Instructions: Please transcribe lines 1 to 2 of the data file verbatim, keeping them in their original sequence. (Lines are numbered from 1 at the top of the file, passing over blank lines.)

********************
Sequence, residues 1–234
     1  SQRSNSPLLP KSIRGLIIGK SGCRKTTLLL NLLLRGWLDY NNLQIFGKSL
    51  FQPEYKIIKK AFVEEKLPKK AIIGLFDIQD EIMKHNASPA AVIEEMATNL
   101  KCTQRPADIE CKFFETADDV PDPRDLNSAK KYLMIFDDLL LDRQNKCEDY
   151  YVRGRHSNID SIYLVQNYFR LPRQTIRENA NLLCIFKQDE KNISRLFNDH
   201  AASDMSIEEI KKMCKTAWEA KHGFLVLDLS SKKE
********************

Sequence, residues 1–234
     1  SQRSNSPLLP KSIRGLIIGK SGCRKTTLLL NLLLRGWLDY NNLQIFGKSL